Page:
Overall, the performance of the participants on the ESP and PK games was better than what would be expected by chance alone, but not to a statistically significantly degree. However, for those greyhound races in which the ESP task was disguised, the performance of the participants was significant. As predicted, participants who had been briefed by Roe performed better than those briefed by Davey, and significantly so for the disguised ESP tasks.

Roe, C.A., Davey, R., & Stevens, P. (2006). Experimenter effects in laboratory tests of ESP and PK using a common protocol. Journal of Scientific Exploration, 20, 239-253.

Conference on Near Death Experiences

Registration for the 2006 International Association for Near-Death Studies conference is now open at This unprecedented event at the University of Texas M. D. Anderson Cancer Center, one of the world's largest and most prestigious medical complexes, will assemble almost all of the world's leading researchers for a comprehensive review of 30 years of research into near-death experiences (NDEs). For full details, schedules, registration, and accommodations, go to

Computers Put Telepathy to the Test

A joint project by the University of Manchester's School of Computer Science and School of Psychological Sciences aims to test whether telepathy may exist between individuals in the environment of a life-sized video game.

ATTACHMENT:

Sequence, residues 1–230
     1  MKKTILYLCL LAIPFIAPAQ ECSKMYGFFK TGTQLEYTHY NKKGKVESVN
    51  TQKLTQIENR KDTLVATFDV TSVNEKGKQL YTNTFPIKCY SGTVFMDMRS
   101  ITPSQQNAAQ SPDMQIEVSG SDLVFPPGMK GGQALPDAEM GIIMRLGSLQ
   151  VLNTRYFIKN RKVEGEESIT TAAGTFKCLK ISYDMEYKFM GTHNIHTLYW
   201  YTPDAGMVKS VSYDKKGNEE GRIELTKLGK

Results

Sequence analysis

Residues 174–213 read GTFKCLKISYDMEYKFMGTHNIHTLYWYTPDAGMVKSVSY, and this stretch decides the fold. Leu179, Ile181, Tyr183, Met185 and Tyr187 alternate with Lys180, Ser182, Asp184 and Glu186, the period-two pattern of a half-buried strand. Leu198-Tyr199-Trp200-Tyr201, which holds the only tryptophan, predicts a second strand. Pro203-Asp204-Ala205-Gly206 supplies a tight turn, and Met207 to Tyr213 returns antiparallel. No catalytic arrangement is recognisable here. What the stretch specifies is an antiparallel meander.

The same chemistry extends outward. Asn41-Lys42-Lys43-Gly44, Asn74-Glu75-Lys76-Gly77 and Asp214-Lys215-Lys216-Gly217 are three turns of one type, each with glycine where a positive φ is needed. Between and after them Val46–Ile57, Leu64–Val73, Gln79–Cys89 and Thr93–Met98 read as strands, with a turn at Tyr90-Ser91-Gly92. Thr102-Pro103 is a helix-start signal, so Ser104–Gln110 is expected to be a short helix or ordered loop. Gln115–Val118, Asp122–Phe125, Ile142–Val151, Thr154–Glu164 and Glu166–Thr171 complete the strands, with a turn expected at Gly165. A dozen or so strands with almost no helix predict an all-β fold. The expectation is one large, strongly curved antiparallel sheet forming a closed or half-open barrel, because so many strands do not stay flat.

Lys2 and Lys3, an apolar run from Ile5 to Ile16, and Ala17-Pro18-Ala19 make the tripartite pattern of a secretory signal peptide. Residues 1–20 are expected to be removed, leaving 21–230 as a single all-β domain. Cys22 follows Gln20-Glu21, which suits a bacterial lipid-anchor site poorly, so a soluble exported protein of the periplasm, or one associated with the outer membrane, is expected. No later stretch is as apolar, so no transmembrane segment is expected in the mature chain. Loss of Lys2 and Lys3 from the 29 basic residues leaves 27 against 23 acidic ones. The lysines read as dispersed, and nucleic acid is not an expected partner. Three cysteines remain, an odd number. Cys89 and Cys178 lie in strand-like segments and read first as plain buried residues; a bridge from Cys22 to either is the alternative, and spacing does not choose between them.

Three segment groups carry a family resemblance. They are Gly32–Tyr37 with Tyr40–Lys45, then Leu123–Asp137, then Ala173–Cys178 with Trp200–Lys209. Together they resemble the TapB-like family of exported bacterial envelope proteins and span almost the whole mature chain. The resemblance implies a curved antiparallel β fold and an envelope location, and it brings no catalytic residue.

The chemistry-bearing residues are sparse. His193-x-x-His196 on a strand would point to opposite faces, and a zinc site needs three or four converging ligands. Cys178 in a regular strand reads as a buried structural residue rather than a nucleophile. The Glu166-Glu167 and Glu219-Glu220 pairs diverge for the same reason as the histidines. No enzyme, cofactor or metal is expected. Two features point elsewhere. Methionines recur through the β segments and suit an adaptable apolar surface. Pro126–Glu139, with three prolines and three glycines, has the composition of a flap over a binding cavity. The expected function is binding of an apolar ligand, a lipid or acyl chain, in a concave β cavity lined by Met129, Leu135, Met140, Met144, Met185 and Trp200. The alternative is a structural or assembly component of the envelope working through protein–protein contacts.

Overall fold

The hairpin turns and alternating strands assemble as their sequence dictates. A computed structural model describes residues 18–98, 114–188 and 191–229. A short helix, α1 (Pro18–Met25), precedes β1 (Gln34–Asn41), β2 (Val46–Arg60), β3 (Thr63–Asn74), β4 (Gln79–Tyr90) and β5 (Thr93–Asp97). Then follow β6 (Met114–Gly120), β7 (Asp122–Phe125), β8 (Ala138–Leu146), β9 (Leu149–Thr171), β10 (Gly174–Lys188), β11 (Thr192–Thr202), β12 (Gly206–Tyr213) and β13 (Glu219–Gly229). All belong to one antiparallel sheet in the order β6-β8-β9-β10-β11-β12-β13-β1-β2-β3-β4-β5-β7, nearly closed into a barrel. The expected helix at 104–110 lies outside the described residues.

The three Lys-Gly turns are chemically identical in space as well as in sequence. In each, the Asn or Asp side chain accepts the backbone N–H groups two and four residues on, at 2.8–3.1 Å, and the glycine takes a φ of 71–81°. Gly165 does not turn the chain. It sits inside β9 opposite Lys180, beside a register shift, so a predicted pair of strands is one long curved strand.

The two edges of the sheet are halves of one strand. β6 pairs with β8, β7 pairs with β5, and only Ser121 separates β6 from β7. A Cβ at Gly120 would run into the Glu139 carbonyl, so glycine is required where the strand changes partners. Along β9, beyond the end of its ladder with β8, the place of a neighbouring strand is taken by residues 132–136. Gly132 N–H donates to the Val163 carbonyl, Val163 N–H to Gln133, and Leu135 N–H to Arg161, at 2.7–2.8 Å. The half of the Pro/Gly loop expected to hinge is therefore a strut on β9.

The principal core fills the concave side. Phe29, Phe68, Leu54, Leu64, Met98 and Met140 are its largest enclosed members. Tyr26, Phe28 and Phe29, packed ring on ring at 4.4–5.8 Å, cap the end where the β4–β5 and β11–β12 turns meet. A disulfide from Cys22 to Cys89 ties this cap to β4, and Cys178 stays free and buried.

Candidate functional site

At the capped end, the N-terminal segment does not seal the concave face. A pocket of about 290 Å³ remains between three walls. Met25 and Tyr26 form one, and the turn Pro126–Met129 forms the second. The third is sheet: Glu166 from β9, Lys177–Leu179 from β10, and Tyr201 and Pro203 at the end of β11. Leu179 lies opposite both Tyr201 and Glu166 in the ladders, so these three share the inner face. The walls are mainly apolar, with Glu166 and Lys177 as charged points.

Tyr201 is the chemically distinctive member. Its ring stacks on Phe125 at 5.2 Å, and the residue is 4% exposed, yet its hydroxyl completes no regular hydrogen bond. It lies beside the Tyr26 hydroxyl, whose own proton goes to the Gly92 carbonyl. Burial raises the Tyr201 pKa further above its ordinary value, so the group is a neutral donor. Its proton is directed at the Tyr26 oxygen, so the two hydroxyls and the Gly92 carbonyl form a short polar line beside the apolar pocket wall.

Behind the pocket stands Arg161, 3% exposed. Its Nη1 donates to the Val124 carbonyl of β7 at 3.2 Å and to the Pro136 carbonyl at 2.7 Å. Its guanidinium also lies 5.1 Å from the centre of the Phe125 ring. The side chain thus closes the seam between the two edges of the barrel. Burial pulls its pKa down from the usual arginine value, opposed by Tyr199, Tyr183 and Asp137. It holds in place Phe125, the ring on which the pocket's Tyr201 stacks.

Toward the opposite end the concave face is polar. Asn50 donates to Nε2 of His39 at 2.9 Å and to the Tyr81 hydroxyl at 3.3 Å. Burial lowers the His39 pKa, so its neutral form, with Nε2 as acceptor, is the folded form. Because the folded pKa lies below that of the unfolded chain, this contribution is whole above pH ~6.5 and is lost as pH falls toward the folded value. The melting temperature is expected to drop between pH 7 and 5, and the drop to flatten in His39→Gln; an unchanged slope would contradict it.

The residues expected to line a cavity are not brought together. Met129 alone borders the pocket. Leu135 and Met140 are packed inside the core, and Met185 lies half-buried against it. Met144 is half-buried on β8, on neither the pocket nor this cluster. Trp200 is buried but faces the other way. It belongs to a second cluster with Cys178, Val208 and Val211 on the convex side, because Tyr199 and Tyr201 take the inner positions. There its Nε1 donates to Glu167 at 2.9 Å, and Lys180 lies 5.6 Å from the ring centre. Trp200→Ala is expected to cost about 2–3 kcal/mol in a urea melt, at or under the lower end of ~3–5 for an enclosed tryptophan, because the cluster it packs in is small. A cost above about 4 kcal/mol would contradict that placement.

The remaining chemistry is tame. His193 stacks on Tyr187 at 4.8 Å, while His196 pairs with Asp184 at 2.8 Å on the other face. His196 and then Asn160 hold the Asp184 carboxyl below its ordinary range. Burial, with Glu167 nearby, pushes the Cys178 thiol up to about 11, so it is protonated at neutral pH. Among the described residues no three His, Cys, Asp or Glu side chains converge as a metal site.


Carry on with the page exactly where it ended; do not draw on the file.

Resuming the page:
read the official press release

participate in the study

What is 'Public Scholarship'?

After a couple of evenings of tweaking this new blog, I proudly presented the template to a friend for his feedback. The first thing out of his mouth was, "why do you call it 'Public Parapsychology'?"

I pointed to the adjacent box containing my declaration that this blog was dedicated to advancing public scholarship in the field of parapsychology. I figured that was enough clear things up.

"But, what is 'public scholarship'?" he asked.

I paused. It seemed obvious to me, but I couldn't define it. After babbling incoherently for a minute or two, I gave up and said "well, an academic would understand what I was talking about..."

He laughed. "Doesn't that defeat the point?"

So, I scoured the internet for a good definition of 'public scholarship', and found that the term is so potentially confusing that universities have had to form committees just agree on just what they mean by this concept.

At their web page, the Public Scholarship Committee at the University of Minnesota states the following:

At the level of the institution, public scholarship means optimizing the extent to which University research informs and is informed by the public good, maximizes the generation and transfer of knowledge and technology, educates the public about what research the University does, and listens to the public about what research needs to be done.

The Department of Communication at the University of Washington also offers a statement on public scholarship: